It was good to be at the Hunkeler innovationdays 2023 again, with next level automation as its motto. This certainly held true. 50 print application lines were shown live with many in-line or highly integration solutions.
Hunkeler launched several interesting new pieces of equipment like a B2 cut-sheet finisher moving into a new level of productivity. In the traditional web finishing space a high volume, yet variable book block production line (the Starbook) with added Book Sorting Module was presented. Adding to flexibility and automation was a new autosplicer for fast and easy roll change – either in front of a press or for near-line web finishing lines.
Finally, the Hunkeler innovationdays are back, not only bringing more inkjet devices, but also a lot of technology around the presses – of course with finishing being very prominent. If you have not been to the Hunkeler innovationdays: it is the event to get the best possible overview on continuous feed production presses. Not only will all important vendors for digital commercial, publishing and document printing presses be there, the event also allows seeing the latest presses printing side-by-side.
From the 14th of June to the 18th Inkjet Insight is hosting the 2021 virtual Inkjet Innovation Week to educate the industry on the latest inkjet technology coming to market across document, labels, packaging and industrial segments. Technology coverage includes presses, press components, software and finishing. Anchoring the event are a series of 60 minute, expert-led webinars during the week of June 14th. An additional 30 minutes has been reserved for Q&A and questions may also be sent to experts in advance.
The 5 days do focus on the following segments:
Web-fed document production
Sheet-fed document production
Packaging & labels
Industrial and bespoke systems
Inkjet workflow and efficiency (software and hardware)
Together with Amy Machado from IDC and Elizabeth Gooding I will present on the second day on sheet-fed inkjet. We will cover market data, the latest launches, technology progress, where sheet-fed inkjet makes sense and what might come next.
Heidelberg today announced that the company is to cancel its participation in drupa 2021. After Bobst and Xerox the third printing industry heavyweight dropped out now. Industry experts will feel a déjà vu with the last days of IPEX in 2014, with almost all major exhibitors dropping out before the show – one after another. This sealed the fate of IPEX, the second largest print trade show at its time.
Heidelberg justifies the decision of not exhibiting at drupa with the shortening innovation cycles and emerging digital business models. Heidelberg plans to customize its activities in regional markets and segments as well. Plans are to replace trade shows with events at their Print Media Centers (5 globally) and virtual events. Heidelberg pulled out of trade shows in developed countries many years ago, citing they know all customers already and rather invite them to the open house event. As the only exception drupa remained, as “the trade show you need to exhibit to be taken seriously in the graphic arts industry” and as the show that sets the mark for trends and technology developments.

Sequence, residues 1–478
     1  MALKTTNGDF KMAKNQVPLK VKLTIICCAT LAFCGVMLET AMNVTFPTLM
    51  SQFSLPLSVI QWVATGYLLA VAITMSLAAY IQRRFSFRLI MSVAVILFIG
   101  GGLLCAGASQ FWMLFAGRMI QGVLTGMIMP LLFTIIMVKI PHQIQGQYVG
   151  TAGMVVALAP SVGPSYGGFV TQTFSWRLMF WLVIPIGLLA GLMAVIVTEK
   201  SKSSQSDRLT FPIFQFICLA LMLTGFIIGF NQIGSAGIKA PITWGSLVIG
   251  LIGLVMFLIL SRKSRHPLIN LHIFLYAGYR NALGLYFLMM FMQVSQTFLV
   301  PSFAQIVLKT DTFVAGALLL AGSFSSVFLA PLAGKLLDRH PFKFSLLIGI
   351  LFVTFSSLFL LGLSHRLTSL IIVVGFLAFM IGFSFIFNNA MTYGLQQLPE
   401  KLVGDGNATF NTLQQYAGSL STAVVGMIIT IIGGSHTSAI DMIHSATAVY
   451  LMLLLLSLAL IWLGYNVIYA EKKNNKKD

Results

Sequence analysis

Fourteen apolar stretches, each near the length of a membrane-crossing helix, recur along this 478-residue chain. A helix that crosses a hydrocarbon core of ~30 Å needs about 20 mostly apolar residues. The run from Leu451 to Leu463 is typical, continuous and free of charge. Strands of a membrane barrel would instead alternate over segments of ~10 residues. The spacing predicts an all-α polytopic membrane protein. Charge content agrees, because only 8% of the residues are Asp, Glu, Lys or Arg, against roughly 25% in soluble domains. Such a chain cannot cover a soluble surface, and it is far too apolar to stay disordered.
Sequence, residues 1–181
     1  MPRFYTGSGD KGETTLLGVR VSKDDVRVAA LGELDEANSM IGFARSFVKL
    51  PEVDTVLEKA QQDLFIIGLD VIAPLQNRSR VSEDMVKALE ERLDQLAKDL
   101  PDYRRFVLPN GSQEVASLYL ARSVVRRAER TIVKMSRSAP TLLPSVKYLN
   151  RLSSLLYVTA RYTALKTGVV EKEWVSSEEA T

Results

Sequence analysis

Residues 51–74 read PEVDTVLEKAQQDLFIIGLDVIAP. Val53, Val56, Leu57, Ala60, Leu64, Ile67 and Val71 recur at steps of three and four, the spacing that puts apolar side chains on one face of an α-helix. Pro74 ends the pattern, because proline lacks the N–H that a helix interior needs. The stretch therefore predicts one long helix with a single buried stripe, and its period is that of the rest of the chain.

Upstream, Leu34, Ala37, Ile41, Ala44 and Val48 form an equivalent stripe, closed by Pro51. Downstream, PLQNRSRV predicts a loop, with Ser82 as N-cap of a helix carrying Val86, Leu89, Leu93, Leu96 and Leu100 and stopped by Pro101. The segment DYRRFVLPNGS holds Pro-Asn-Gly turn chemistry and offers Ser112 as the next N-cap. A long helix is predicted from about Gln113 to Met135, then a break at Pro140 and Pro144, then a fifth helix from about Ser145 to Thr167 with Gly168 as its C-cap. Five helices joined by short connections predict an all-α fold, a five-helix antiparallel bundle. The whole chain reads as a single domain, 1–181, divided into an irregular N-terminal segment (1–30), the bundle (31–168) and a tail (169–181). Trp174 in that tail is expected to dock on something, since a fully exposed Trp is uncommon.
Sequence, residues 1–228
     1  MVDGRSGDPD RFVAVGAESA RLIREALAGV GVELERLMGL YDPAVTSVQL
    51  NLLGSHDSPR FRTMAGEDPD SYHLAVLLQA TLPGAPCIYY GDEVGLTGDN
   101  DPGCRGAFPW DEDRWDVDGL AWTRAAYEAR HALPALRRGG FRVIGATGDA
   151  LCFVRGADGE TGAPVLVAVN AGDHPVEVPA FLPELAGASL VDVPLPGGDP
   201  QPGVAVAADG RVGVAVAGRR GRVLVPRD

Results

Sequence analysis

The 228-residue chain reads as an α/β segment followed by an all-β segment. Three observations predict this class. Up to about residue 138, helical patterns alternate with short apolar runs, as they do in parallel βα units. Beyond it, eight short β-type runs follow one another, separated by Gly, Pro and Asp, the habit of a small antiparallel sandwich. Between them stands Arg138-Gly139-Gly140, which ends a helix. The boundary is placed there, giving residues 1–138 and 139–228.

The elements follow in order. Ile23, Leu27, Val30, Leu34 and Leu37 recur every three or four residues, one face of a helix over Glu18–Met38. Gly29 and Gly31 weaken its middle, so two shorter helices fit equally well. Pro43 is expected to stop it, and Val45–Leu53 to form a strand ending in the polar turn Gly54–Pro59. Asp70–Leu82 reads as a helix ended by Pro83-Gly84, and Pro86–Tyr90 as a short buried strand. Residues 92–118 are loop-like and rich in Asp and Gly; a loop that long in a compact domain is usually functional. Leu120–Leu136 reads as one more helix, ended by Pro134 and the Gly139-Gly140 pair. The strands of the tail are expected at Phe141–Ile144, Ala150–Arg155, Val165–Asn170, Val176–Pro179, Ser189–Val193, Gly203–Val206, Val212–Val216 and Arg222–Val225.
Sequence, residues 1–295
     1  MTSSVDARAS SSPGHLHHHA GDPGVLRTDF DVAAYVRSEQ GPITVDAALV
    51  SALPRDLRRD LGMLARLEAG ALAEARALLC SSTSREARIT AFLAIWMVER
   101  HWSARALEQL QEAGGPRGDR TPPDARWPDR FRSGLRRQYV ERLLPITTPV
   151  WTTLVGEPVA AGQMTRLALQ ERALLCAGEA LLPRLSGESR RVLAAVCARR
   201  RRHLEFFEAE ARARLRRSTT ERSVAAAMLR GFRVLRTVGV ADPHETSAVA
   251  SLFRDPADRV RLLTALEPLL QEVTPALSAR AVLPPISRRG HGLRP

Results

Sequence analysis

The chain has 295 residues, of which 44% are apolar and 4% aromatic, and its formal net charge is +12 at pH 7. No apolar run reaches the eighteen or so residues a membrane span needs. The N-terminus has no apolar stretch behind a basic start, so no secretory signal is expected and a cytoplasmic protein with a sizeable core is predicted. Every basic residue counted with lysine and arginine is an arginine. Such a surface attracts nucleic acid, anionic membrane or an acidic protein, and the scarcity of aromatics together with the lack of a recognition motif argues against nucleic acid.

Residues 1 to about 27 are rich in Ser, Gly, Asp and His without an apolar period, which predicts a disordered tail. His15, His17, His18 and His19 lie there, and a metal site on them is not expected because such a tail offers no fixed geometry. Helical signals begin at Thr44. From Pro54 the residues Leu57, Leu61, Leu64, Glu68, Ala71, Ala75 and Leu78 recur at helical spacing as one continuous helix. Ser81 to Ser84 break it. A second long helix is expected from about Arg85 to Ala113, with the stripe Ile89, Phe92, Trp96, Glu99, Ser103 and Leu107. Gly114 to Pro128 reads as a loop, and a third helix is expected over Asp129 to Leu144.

Trade fairs have been under pressure in recent years. Cancelling most events in 2020 is making vendors considering their stance towards trade shows once more. So far drupa has been beyond discussion as the one trade show in which a vendor needs to exhibit to be taken seriously in the printing industry. Product and technology development plans have been timed for this show to maximise impact. Now drupa being moved to 2021 wreaks havoc to many plans and a good share of vendors decided to hold virtual launch events instead.
Two major vendors bailed out of drupa 2021 recently and opted for virtual events. Xerox cited insecurity around large events during a pandemic. Bobst announced that it was cancelling its participation at most trade shows, including Drupa, citing several reasons: A change in strategy to forego trade shows (except selected few in Far East) in favour of virtual events and experience centers, environmental reasons and that 2021 is already “full” for Bobst.
Virtual press conferences
As the first of the major vendors which cancelled their drupa participation for 2021 Bobst held an international press conference on the 9th of June. Several articles have been written on the launches presented, but I would like to focus on the underlaying question: how well does a virtual event as a substitute for a trade show participation.
First kudos to the event organisers. According to Bobst more than 100 journalists and analysts joined. The virtual press conference was well organized. The stream contained a mix of CEO Jean-Pascal Bobst talking, mixed with slides and him drawing on a flip chart (you still remember what this is?) to explain some workflow details. There was ample time for questions, also expertly moderated by Francois Martin.
Still – getting technology developments explained via a couple of slides always gives me the feel that I want to walk over and kick the tires of the new product at the booth or demo site. Given the wide range of listeners to a call it is impossible to give enough detail for the exports while not to overextend the ones that dabble in this field of expertise (or in the print industry as a whole). Crucially, as an analyst I want to learn about the important points that are not on polished vendor presentation slides, like pricing, availability, tech details, pros and cons and more. I find being able to stand in front of a piece of technology and talking to product managers, sales guys and technicians incredibly helpful. This is usually the opportunity to examine print samples as well. And you have a bit of time to let the first information settle and recall the points you want clarified.